The American Graduate Champion in My Life

Posted by Morgan Lee on

Hello American Graduate Supporters!

When you have the opportunity to work with a program like American Graduate, that wants to makes the community a better place for the children and teenagers of the community, it’s a very rewarding experience. It makes getting up early every weekday of my summer break completely worth it. But having the opportunity to look at local school s and the people who are doing all that they can to make a difference in the lives of the students in their community, also makes me reflect on my past and my time in the public school system. Which for me is something I’ve never really put much thought into, until I joined the American Graduate team. I began to think about how lucky I was to be interning with ETV. I mean, I grew up watching Reading Rainbow, and Between the Lions, and my Dad always listened to NPR in his car… and still does. So ETV was always a huge part of my life, and when I got to college and decided I wanted to be in the journalism school, I always saw myself working for an organization like ETV. But how did I get so motivated to achieve my goals? How did I catch such a passionate interest in writing and English? And when I figured out the answer, I realized that I had been motivated by someone who I now see as an American Graduate Champion. So, I decided for my blog post I would take the time to share with you about John Schutte, my English teacher in my junior year of high school, and how he impacts the lives of students every day.

                Mr. Schutte was the first teacher that came to mind when I decided to write about a teacher that impacted my life, motivated me to be a better student, and honestly tried to make a personal connection with me as a student. I would say that, overall, before I took Mr. Schutte’s  Advanced Placement English 4 class my junior year of high school, I was an average student. I had the intelligence, and the support system at home (Hi Mom and Dad!) to be an above average student, I just wasn’t motivated. I had not found anything I really felt passionate about as a student. Social Studies was boring to me, I wanted to focus more on current events.  Science was okay, but to me it wasn’t interesting because It was just memorizing facts, and when it came to math…well let’s just say that I’m a journalism student for a reason.  English was the only subject I actually enjoyed. I didn’t view reading as homework. To me that was fun!  And writing was easy for me, I never really had to try to get a good grade on a paper, well that was until I wrote my first paper for Mr. Schutte. I remember spending maybe, at most, two hours on my first paper that I turned into Mr. Schutte. When he was handing them back, I was calm, cool and collected. This was something I didn’t have to try to be good at. So I wasn’t planning on putting in any effort if I didn’t have to. Still, to this day, I remember how it felt when I turned over that paper and found that he had given me a D. What? No. I don’t make D’s on papers. I remember hating him so much at first. This wasn’t fair! I mean, who hast to work for a good grade, right?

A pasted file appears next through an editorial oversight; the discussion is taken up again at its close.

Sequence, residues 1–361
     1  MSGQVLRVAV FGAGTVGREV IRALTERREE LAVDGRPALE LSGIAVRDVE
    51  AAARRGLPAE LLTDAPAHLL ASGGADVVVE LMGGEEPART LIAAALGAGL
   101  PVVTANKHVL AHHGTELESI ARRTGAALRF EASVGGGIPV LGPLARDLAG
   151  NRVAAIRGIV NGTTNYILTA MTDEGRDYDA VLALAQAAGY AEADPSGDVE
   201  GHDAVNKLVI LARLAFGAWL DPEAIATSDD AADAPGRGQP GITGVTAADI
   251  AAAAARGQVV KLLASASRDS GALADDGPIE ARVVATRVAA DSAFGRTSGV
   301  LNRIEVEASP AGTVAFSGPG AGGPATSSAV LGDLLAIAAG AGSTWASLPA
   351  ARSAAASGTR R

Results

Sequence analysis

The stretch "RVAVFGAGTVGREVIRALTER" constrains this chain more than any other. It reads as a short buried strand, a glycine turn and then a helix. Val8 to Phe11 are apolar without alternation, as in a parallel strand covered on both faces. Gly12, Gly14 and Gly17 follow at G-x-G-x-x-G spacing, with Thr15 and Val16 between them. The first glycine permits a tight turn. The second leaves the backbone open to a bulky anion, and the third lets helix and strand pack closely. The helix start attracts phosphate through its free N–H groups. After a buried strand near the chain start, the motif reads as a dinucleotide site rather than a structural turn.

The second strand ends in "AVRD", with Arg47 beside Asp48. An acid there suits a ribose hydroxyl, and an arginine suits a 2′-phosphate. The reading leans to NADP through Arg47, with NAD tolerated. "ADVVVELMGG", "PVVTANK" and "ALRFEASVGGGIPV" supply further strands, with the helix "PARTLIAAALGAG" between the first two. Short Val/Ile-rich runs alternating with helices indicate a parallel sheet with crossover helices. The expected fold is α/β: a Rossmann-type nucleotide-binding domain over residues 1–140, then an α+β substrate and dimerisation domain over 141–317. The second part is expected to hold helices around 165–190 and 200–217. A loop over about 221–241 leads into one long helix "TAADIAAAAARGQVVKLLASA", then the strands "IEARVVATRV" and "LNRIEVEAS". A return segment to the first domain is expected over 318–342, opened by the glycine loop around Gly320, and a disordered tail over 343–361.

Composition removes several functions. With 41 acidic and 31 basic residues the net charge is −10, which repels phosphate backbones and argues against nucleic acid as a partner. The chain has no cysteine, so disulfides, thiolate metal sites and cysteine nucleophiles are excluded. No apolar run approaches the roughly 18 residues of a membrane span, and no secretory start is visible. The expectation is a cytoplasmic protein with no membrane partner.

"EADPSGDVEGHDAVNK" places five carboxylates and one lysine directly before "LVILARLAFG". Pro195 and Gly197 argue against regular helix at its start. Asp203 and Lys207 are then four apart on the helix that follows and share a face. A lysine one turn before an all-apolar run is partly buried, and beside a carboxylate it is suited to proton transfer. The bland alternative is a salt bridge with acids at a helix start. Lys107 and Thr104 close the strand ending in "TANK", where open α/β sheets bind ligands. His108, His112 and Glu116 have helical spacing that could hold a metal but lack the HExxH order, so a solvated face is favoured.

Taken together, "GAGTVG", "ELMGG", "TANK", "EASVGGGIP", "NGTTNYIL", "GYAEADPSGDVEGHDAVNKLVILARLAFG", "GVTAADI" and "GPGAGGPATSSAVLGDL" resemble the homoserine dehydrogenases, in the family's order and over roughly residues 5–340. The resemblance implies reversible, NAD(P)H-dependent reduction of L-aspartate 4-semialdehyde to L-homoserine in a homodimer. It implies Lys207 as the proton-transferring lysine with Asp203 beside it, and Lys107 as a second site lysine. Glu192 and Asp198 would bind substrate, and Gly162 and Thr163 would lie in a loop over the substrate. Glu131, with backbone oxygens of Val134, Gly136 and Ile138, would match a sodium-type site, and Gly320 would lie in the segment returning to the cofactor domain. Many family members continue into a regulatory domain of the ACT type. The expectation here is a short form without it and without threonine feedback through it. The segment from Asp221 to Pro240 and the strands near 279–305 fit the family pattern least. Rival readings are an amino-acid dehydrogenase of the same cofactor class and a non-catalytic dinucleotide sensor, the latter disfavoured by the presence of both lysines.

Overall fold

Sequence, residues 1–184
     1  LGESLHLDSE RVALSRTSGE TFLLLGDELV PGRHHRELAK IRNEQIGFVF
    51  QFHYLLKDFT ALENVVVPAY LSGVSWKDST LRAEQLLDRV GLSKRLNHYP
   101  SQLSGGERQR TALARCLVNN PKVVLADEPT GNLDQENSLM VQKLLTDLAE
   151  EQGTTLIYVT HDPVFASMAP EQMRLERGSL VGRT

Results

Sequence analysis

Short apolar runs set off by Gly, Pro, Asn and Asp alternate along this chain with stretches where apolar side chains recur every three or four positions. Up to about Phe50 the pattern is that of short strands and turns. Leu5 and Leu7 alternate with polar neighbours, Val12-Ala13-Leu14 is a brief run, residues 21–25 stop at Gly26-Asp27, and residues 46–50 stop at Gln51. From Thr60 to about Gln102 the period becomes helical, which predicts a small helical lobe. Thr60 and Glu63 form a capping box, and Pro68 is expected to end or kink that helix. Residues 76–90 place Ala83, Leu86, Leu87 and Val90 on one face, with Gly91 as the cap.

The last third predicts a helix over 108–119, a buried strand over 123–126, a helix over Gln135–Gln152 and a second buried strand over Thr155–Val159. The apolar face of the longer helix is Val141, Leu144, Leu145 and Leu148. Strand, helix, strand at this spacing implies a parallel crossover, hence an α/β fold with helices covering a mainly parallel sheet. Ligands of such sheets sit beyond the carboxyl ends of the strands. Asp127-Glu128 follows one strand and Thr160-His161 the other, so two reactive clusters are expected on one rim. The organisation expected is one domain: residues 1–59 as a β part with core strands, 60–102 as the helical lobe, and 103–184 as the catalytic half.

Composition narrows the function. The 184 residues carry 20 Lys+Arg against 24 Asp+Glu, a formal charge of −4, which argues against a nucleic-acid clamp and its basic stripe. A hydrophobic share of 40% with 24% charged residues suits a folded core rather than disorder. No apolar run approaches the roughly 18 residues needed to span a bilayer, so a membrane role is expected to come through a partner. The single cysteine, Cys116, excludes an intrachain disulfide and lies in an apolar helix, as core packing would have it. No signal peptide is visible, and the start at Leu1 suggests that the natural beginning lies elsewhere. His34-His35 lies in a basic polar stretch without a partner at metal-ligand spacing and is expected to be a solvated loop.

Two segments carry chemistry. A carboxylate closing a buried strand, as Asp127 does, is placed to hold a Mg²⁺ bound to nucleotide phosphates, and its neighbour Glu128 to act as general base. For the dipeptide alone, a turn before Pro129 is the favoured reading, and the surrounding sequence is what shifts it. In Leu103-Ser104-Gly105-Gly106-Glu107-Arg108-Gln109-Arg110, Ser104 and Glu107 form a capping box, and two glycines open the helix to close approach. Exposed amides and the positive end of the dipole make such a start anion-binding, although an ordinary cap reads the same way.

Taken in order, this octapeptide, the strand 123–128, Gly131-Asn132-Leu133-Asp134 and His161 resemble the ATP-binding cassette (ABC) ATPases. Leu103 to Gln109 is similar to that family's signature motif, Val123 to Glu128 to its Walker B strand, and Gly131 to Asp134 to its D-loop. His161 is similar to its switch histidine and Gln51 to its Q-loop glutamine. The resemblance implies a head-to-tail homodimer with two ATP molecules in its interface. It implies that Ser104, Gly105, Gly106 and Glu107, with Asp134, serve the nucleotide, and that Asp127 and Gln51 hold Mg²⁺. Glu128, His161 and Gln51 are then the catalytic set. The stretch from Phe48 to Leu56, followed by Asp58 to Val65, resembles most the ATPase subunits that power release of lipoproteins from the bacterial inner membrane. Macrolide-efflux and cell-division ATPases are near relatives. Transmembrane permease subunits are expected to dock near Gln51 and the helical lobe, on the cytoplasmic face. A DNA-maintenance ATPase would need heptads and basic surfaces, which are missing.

With that first paper, and throughout the rest of the class, Mr. Schutte taught me how to hold myself to a higher standard. He taught me that if I wanted to excel at something, I had to put in the time. Mr. Schutte was always available to help his students after school with their work, and he encouraged students to stop by and get help with whatever they needed, but he never made it mandatory. He was there to help students become better, more driven students, but he taught me that the first step when it came to being excellent at something was to put in the time necessary to create something you are proud of. That life lesson has stuck with me ever since then. And when I worked on papers over and over again in his class, I realized that I could be a great writer if I wanted to be, and I could make a career out of this, but I had to be willing to put in the time. And so far, I can honestly say that I think Mr. Schutte taught me the most important lesson as a future professional. When it comes to my writing, my graphic design, and my photography, I get the most satisfaction and pride in my work if I put in the time necessary to make my work great.